George R. R. Martin wanted to build a castle in his backyard; Santa Fe shot him down

A Man's Home Is His Castle. But Not Literally

George R. R. Martin wanted to build a castle in his backyard; Santa Fe shot him down

Downtown Santa Fe. The low-slung adobe buildings are more “southwestern desert” and less “wizard’s tower.” (Rennett Stowe/Flickr)

A man’s home may be his castle, but it can’t necessarily look like one, at least not in Santa Fe, New Mexico.

That was the ruling from the city’s Historic Districts Review Board, which turned down a proposal by Game of Thrones creator George R. R. Martin to construct a seven-sided library in his backyard that would have looked like a castle after neighbors objected that it didn’t meet historic district guidelines.

“We thought it was Winterfell when we first saw the plans,” a neighbor told the Daily Mail, which first reported on the controversy. “All it’s missing is Jon Snow and a couple of dragons.”

Martin, who writes about the similar castles of Westeros in the “A Song of Ice and Fire” series that served as the basis for HBO’s Game of Thrones series, had applied for permission to add the library to the four-acre compound where he and his wife, Parris McBride, live near Museum Hill in Santa Fe.

Architect Alexander Dzurec of Autotroph designed a fortress-like structure that neighbors have likened to a castle, noting its thick walls, crenelated top, and turret-shaped tower. According to Autotroph’s website, Dzurec has offices in Santa Fe and Baltimore.

In the application on file with the city, the project is called Water Garden Keep. Martin is not named in the application materials but the proposed site is an undeveloped section of his property in the 1300 block of Camino Corrales and neighbors have identified him in public hearings about the proposal.

Santa Fe is known for strict design guidelines that require new structures to fit in with their surroundings, typically stucco-clad buildings with a pared-down look referred to as “adobe style” or “Southwestern architecture.” Martin occupies two other residences on the property that are adobe style.

The review board turned down Martin’s request on the grounds that the proposed building, with a roof deck and elevator and stair tower, exceeded the 19-foot height limit for the district where he lives. The tallest part is the proposed elevator tower, at approximately four feet over the limit.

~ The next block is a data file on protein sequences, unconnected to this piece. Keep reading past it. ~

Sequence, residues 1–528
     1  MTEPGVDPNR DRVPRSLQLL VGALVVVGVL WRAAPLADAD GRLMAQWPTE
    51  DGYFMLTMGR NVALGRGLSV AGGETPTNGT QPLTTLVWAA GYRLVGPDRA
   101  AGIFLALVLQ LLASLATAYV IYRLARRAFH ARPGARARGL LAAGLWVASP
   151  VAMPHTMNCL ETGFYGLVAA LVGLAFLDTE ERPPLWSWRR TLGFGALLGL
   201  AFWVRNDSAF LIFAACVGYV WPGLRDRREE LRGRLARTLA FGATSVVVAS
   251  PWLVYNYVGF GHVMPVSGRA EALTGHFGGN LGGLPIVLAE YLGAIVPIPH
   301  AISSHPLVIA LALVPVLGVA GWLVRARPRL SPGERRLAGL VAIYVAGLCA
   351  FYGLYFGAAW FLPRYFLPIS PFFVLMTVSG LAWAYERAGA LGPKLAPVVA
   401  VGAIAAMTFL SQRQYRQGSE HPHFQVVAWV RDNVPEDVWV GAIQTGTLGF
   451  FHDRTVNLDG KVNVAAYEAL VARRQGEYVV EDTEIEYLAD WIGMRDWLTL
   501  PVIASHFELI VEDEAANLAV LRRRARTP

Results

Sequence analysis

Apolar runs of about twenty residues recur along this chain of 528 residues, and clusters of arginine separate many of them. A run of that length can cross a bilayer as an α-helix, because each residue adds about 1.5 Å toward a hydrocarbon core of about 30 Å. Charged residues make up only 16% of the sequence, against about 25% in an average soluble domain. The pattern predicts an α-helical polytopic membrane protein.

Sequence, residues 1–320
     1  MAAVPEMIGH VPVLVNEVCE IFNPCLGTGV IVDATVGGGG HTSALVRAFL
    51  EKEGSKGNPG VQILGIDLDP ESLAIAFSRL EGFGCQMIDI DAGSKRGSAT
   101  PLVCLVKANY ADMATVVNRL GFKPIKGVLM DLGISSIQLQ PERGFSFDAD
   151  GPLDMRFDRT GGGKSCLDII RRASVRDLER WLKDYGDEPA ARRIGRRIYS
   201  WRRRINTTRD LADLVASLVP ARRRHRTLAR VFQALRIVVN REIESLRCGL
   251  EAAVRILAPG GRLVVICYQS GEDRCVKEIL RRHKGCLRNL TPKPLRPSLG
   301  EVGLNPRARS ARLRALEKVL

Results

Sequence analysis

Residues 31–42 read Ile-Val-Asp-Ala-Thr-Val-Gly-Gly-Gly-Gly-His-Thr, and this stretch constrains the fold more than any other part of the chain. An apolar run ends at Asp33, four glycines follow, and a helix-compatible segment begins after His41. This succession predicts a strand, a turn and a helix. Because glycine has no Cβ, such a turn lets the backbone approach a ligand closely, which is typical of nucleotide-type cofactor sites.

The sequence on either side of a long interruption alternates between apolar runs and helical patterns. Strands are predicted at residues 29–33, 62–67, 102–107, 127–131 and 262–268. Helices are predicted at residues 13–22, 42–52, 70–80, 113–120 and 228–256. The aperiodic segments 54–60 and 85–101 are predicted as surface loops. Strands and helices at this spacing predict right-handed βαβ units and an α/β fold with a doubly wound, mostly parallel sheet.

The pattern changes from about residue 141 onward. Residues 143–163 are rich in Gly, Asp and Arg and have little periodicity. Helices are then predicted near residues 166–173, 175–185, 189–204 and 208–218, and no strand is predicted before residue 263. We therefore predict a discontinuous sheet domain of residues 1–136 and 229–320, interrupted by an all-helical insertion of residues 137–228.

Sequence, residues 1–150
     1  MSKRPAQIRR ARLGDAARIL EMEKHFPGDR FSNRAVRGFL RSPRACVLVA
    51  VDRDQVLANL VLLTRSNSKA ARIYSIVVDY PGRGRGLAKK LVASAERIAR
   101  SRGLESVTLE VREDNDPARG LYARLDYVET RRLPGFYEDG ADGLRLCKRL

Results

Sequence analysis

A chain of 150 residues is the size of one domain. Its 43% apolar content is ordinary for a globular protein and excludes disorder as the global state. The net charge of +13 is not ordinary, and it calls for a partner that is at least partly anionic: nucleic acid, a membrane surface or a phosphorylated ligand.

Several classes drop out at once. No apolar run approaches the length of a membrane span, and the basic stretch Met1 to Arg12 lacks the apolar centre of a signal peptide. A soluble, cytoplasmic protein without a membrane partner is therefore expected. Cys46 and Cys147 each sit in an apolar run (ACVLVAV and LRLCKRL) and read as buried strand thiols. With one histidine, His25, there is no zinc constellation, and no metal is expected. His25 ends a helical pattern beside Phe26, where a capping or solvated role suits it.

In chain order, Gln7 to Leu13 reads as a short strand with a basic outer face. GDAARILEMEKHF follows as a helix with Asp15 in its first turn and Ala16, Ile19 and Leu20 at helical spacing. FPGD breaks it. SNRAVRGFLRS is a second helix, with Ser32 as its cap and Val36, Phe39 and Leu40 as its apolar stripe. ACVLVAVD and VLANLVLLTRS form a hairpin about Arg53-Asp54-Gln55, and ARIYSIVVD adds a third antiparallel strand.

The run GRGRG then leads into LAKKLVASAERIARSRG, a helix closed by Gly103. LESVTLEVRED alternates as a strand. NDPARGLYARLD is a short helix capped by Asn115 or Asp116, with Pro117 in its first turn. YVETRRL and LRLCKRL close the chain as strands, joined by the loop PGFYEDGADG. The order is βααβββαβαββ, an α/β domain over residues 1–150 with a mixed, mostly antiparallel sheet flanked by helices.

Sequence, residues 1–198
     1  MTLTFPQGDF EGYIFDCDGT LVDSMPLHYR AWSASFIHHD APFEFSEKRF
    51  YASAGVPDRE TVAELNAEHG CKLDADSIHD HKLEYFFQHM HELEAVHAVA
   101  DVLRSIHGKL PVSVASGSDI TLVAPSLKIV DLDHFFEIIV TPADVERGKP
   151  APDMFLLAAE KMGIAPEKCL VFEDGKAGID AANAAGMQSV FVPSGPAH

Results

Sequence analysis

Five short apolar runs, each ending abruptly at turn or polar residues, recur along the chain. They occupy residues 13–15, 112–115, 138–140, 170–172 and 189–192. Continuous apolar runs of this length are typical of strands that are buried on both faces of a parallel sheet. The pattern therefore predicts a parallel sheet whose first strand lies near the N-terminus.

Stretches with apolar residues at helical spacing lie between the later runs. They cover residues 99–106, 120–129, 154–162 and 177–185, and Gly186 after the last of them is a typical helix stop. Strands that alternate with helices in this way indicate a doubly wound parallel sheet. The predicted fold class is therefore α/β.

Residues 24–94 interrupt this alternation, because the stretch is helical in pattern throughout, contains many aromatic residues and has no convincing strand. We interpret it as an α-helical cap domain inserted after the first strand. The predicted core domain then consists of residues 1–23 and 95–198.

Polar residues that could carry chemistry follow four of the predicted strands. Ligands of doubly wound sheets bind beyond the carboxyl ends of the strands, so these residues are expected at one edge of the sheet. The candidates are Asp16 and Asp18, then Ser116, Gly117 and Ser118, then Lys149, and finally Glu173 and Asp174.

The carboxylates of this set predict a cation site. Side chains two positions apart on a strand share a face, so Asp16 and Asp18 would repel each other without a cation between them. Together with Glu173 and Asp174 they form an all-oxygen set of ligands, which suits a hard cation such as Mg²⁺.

In a two-hour hearing via Zoom, panel members also voiced objections to the style of the architecture, saying it wasn’t appropriate for the area.

“It is a medieval castle, and I don’t understand how we could possibly approve it in this style,” said panel member Frank Katz, according to the Santa Fe New Mexican. “There is no doubt in anyone’s mind looking at the structure that it’s a medieval castle keep.”

Neighbors also voiced concerns that the building could bring unwanted attention to their community. More than 40 people signed a letter urging the board to reject the design.

“With the notoriety of Mr. Martin and ‘Game of Thrones,’ we absolutely fear that our neighborhood will become the next treasure hunt, that his fans will be looking to find the castle that’s in the middle of Santa Fe,” neighbor Mark Graham told the board, according to The Associated Press.

Diagram showing a castle against an adobe home, to be built by George R. R. Martin
A diagram on file with the city of Santa Fe showing the scale of the “castle” and Martin’s existing home, stamped December 2019. (Taken by Edward Gunts)

Martin “has done a lot for the arts and he’s very welcome here,” the Daily Mail quoted one neighbor as saying. “But there is a code in Santa Fe and the buildings here have…to retain a certain historic look. If they allow something like this, it will open the floodgates to any rich eccentric that wants to live in a castle with a tower.”

The meeting last week was the second time architects had presented plans for Martin’s library, intended to hold his large collection of books and “collectibles.” The review panel rejected the first iteration on the grounds that it exceeded the area’s height limit and didn’t fit in with other buildings in the area.

The latest proposal was a modified version of the earlier one, but the applicants still asked for a waiver of the height limit.

A “height allowance and exception request” filed with the drawings states that the property owners both have “mobility challenges” and need an elevator and “elevator overrun” to get to the roof deck.

In their opposition letter, the neighbors said the modifications weren’t enough. According to The New York Times, some said during the meeting that they thought Martin and McBride wanted elevator access to the roof deck so they could have parties there. “The fact remains that the proposed building is still a prominent castle in the middle of a residential neighborhood in Santa Fe,” the letter said in part. “IT WILL BE VISIBLE.”

Martin, who is reportedly worth $65 million, is a high-profile patron of art and architecture in Santa Fe. According to the Daily Mail, Martin and McBride bought the Camino Corrales property in 2018 for $3 million. He also bought and restored the Jean Cocteau Cinema in 2013 to show new-release arthouse films and restored classics, as well as episodes of Games of Thrones. Martin, 71, has sold more than 20 million books worldwide and is working on his sixth Game of Thrones novel, The Winds of Winter.

Martin has the option of appealing the review board’s decision or returning with a new proposal. If the board continues to reject his vision for a castle-like building on Camino Corrales, Martin will have at least one reminder of medieval times: One of his mailboxes is shaped like a castle.